Can puppies eat... eggs, nuts and dairy?
Naturally, you love your new puppy to bits and want to give them a tasty treat once in a while.
Let’s take a look at some of the most-searched ‘Can my puppy eat…’ queries on the web.
This time, the focus is eggs, nuts and dairy!
Before we start… A minimum of 90% of your puppy’s diet should consist of specially designed puppy food. You should only feed your dog human snacks once in a while, and snacks should take up no more than 10% of their daily diet. That goes for the safe and harmless human snacks, of course. Many human snacks, including chocolate, grapes and xylitol (found in sugar-free treats) are poisonous to dogs. Before treating your dog to human food, make sure you do your research first to see if it’s safe.
Can puppies eat raw eggs?
No. Absolutely not.
Raw egg is a common source of Salmonella. Eating raw egg would put a puppy or dog at risk in much the same way as humans.
Can puppies eat scrambled eggs?
Yes! Puppies can eat cooked eggs, so long as they’re cooked thoroughly.
Cooked eggs are a great snack for puppies. They’re a good and efficient source of protein, linoleic acid and Vitamin A - often helping to keep dogs’ skin and coat in tip-top condition.
An average egg contains 78 calories each, and up to 6 grams of protein. Eggs also are a good source of other nutrients, including vitamin D (which aids bone health and the immune system) and choline (which helps metabolism and liver function, as well as foetal brain development). Egg yolks are also proven to reduce the risk of cataracts.
When feeding cooked egg to your puppy, take care to avoid cooking your eggs with fatty oils. Boiled eggs are a way better option. Avoid weight gain by letting your puppy enjoy only a small amount of cooked egg on rare occasions.
Can puppies eat nuts?
Some nuts are toxic to dogs and can induce vomiting, depression and hyperthermia… others aren’t toxic, but it’s best to keep nuts away from your puppy at all times, just to be safe.
Nuts are high in fat - even the unsalted type. They’re also a choking hazard for our furry friends.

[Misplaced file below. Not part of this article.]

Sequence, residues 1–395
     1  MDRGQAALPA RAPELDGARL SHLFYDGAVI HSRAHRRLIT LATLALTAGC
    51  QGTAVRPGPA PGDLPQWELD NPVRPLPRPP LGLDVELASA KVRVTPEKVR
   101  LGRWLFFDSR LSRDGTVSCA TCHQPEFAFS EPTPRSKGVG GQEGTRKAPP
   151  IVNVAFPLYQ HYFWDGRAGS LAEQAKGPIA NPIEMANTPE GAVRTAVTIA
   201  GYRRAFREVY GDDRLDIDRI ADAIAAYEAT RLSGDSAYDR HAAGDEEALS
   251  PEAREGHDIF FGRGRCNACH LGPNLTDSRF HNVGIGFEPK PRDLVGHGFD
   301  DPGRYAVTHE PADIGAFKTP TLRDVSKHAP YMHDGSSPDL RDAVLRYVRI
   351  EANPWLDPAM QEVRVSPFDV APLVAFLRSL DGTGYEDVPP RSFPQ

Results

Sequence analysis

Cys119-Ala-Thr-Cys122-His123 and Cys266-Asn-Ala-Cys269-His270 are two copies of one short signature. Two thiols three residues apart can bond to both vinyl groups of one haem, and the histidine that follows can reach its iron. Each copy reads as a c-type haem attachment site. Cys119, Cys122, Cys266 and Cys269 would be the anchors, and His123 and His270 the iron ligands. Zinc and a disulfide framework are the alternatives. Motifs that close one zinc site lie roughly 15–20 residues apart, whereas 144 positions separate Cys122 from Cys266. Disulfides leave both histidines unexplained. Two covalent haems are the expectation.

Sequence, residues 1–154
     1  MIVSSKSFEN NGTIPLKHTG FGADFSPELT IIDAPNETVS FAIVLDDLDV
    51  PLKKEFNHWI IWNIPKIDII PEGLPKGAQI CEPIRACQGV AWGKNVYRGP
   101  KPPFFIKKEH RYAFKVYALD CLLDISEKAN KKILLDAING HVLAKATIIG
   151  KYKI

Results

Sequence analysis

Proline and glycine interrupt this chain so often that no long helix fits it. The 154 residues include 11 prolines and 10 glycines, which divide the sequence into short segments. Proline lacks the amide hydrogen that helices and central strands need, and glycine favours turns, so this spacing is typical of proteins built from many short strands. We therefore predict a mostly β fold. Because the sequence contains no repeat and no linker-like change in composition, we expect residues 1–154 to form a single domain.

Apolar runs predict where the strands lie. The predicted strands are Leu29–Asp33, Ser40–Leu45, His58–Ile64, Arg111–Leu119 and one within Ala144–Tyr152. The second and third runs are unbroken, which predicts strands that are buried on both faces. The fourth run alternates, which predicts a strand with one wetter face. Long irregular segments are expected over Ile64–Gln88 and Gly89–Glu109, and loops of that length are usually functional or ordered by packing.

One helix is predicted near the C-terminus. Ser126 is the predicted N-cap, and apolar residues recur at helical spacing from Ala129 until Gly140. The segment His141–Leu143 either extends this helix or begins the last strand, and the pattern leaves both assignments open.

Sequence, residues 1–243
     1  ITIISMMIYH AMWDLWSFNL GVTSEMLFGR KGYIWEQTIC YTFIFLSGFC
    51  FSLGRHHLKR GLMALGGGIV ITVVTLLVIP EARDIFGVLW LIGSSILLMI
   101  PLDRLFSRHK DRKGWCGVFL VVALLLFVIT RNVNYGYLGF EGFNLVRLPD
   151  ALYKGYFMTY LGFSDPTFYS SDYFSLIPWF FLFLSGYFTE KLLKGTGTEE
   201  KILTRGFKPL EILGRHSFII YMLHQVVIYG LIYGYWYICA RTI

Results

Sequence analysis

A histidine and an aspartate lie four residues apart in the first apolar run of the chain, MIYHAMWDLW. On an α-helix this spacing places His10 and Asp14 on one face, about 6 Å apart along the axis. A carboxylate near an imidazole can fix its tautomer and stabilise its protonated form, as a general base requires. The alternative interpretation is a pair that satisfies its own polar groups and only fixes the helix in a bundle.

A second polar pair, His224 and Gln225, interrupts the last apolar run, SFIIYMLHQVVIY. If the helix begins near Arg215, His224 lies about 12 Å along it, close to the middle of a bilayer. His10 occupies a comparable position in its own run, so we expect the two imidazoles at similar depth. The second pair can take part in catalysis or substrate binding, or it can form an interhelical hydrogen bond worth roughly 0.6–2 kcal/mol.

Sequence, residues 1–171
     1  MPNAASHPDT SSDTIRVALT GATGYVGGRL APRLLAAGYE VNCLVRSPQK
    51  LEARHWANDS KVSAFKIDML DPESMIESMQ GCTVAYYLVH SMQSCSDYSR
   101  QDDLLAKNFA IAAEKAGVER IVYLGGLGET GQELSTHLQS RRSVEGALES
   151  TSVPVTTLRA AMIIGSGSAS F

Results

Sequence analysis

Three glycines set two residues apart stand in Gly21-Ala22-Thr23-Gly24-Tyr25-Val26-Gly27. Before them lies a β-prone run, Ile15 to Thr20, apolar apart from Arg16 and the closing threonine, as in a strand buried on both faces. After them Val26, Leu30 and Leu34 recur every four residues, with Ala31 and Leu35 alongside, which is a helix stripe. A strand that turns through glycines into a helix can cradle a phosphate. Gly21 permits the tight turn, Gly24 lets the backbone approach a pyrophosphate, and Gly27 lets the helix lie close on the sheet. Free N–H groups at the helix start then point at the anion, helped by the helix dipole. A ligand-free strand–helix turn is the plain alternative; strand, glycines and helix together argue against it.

Nuts are a great snack for humans, what with their high protein and fibre content, but they’re best reserved for humans and humans alone.
Read more: Can puppies eat... fruit and vegetables?
Puppies can eat some types of peanut butter, but not all.
Some peanut butter contains xylitol - a type of sweetener that’s found in lots of sugar-free products. Xylitol is highly toxic to puppies, so make sure you check the label thoroughly. If your peanut butter contains xylitol, it should be avoided at all times.
Peanut butter that doesn’t contain xylitol is a tasty treat for puppies indeed, but it’s high in calories and high in fat, so make sure it’s given as a rare treat only.
Some, but not others. Dogs can eat the following cheeses:
- Hard (i.e. cheddar)
Plain cheeses like cheddar and cottage cheese are great to use while training. Feed them in small amounts to avoid weight gain, but you should find that, especially while teaching more complex tricks like roll over, cheese can be a great motivator because your puppy LOVES the taste of it.
Avoid blue cheeses because they contain a substance known as roquefortine, which can cause vomiting and stomach upsets. Secondly, you’ll want to avoid feeding cheese altogether if your new dog is lactose intolerant, overweight or suffering from stomach problems or kidney problems.
If you need more advice, get in touch with your local vet - they’ll be happy to advise further.
In small doses yes, but cows’ milk is not essential to a balanced diet.
If you do decide to feed your puppy milk, make sure you feed them only a small amount - a few tea-spoonfuls will be more than enough. High-fat snacks like milk and dairy should be fed as rare treats and should not substitute your puppy’s healthy, vet-approved diet.
If your puppy is lactose intolerant, you’ll want to avoid letting your dogs drink milk altogether.
If your dog responds well to dairy-based snacks, especially while training, cheddar cheese might be a better option because it’s easier to feed in small doses. Once again, just make sure your puppy doesn’t over-indulge on high-fat dairy products.
Read more: Can puppies eat... meat?
No. If milk is a little close to the line, ice cream is one step over it. Ice cream brings all the problems associated with milk, plus added sugar - which can lead to weight gain - and the threat of chocolate or xylitol, which are highly poisonous.
Your puppy wouldn’t necessarily always be in danger from having a small amount of ice cream but because of the associated risks, this snack is best left for humans and humans alone.
If you want to treat your dog on a hot summer’s day, try giving them an ice cube. Not only is this treat simple, affordable and risk-free, your puppy will love it too!